TCL_EVAL_GLOBAL flag (see below).

       Tcl_VarEval  takes  any number of string arguments of any length, concatenates them into a
       single string, then calls Tcl_Eval to execute that string as a Tcl  command.   It  returns
       the  result  of  the command and also modifies interp->result in the same way as Tcl_Eval.
       The last argument  to  Tcl_VarEval  must  be  NULL  to  indicate  the  end  of  arguments.
       Tcl_VarEval is now deprecated.

       Tcl_VarEvalVA  is  the same as Tcl_VarEval except that instead of taking a variable number
       of arguments it takes an argument list. Like Tcl_VarEval, Tcl_VarEvalVA is deprecated.


       Any ORed combination of the following values  may  be  used  for  the  flags  argument  to
       procedures such as Tcl_EvalObjEx:

       TCL_EVAL_DIRECT        This  flag  is  only  used by Tcl_EvalObjEx; it is ignored by other
                              procedures.  If this flag bit is set, the script is not compiled to
                              bytecodes;   instead   it  is  executed  directly  as  is  done  by
                              Tcl_EvalEx.  The TCL_EVAL_DIRECT flag is useful in situations where
                              the  contents  of an object are going to change immediately, so the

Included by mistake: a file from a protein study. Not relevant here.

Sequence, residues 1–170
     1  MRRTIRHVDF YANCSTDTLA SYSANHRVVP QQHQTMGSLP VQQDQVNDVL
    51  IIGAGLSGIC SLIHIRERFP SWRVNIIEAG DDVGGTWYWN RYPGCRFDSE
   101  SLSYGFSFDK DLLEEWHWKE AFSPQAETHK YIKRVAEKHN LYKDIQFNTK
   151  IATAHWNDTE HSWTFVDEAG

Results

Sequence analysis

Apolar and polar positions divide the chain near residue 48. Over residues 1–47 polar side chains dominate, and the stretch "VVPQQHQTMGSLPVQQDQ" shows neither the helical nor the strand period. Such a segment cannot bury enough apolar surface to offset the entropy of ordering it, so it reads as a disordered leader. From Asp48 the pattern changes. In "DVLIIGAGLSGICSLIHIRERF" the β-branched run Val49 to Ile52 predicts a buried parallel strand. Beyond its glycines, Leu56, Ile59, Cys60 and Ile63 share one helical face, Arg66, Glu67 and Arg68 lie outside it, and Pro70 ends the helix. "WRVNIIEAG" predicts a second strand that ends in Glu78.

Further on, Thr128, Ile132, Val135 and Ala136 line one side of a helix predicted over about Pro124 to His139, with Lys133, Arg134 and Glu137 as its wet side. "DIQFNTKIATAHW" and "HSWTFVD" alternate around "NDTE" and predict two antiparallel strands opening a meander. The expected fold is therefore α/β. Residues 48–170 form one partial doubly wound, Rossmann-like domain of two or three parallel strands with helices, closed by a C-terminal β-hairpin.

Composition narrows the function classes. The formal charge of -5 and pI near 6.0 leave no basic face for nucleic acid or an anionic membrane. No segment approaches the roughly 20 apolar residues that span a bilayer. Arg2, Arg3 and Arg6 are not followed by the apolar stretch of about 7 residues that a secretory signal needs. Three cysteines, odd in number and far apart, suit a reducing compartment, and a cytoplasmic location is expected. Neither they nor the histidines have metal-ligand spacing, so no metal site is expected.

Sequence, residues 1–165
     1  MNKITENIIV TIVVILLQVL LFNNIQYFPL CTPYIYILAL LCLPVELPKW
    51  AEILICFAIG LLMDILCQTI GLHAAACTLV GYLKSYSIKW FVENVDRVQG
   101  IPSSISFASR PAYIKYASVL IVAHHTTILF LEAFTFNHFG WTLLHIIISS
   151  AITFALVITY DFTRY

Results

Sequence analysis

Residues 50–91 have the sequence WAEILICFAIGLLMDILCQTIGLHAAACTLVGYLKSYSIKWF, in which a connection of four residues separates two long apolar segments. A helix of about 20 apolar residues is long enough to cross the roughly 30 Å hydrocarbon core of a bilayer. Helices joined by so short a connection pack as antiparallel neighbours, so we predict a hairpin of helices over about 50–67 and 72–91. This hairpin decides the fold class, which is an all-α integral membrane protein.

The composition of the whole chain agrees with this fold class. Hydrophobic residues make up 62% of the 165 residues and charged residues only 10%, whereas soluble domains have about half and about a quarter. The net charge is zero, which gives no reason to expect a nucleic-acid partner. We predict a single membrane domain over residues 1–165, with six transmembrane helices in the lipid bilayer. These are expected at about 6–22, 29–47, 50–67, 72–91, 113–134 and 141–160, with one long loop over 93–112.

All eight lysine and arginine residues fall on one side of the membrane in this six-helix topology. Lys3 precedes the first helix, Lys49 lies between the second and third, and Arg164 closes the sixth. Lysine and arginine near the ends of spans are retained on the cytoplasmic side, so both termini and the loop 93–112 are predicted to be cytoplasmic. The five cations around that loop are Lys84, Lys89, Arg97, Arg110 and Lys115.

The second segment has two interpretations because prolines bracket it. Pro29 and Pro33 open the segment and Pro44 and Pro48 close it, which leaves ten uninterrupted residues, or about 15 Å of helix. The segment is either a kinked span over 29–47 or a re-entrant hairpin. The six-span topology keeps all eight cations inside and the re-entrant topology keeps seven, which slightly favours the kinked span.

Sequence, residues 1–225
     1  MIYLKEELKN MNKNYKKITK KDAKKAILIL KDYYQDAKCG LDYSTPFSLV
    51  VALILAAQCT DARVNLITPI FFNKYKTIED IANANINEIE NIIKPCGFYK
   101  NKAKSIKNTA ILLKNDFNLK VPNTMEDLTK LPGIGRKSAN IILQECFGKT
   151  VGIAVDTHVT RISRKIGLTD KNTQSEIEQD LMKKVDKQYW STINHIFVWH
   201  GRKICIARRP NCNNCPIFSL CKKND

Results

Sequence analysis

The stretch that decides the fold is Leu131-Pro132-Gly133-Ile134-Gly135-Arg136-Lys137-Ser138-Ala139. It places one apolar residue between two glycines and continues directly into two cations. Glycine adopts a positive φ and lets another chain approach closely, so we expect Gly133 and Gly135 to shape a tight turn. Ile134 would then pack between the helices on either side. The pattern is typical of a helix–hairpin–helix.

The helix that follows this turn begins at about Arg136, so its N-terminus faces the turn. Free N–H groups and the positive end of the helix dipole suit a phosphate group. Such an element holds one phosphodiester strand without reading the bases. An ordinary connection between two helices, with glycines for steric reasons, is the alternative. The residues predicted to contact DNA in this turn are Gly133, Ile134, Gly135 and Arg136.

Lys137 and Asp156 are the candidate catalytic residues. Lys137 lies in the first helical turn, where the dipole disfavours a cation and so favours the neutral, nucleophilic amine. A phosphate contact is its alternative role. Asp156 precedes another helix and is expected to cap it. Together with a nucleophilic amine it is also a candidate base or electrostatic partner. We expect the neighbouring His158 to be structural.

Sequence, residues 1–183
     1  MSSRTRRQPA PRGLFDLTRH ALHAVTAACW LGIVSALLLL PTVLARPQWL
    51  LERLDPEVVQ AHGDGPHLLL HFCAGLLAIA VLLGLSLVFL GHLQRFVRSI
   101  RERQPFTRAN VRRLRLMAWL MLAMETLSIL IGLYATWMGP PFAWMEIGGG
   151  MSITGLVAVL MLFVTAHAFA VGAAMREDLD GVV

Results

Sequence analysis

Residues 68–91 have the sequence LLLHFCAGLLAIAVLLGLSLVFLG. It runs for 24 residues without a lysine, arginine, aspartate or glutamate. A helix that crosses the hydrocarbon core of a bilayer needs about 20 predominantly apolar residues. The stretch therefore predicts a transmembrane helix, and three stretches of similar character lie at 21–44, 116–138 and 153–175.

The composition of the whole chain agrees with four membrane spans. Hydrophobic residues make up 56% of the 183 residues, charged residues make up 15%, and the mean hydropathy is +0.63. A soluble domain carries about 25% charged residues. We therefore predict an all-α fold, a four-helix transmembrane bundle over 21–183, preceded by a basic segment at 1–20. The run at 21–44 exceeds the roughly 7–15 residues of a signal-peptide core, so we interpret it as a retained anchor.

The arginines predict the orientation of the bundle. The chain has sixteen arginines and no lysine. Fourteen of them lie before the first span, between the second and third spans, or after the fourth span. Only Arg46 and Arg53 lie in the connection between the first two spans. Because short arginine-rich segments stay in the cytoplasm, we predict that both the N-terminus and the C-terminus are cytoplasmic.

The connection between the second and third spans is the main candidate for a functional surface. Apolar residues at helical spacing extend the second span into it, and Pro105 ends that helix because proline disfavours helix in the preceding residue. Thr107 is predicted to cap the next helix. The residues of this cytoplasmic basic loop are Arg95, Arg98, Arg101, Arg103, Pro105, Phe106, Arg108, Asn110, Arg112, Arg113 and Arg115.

bytecodes will not be reused in a future execution.  In this  case,
                              it is faster to execute the script directly.

       TCL_EVAL_GLOBAL        If this flag is set, the script is processed at global level.  This
                              means that it is evaluated in the global namespace and its variable
                              context  consists  of  global  variables  only  (it ignores any Tcl
                              procedures at are active).


       During the processing of a Tcl command it is legal to make nested calls to evaluate  other
       commands  (this is how procedures and some control structures are implemented).  If a code
       other than TCL_OK is returned from a nested  Tcl_EvalObjEx  invocation,  then  the  caller
       should  normally return immediately, passing that same return code back to its caller, and
       so on until the top-level application is reached.  A few commands, like  for,  will  check
       for  certain  return  codes,  like  TCL_BREAK and TCL_CONTINUE, and process them specially
       without returning.

       Tcl_EvalObjEx keeps track of how many nested Tcl_EvalObjEx invocations are in progress for
       interp.   If a code of TCL_RETURN, TCL_BREAK, or TCL_CONTINUE is about to be returned from
       the topmost Tcl_EvalObjEx invocation for interp, it converts the return code to  TCL_ERROR
       and  sets  interp's  result  to  an  error  message  indicating that the return, break, or
       continue command was invoked  in  an  inappropriate  place.   This  means  that  top-level
       applications  should  never  see  a  return  code  from Tcl_EvalObjEx other then TCL_OK or


       execute, file, global, object, result, script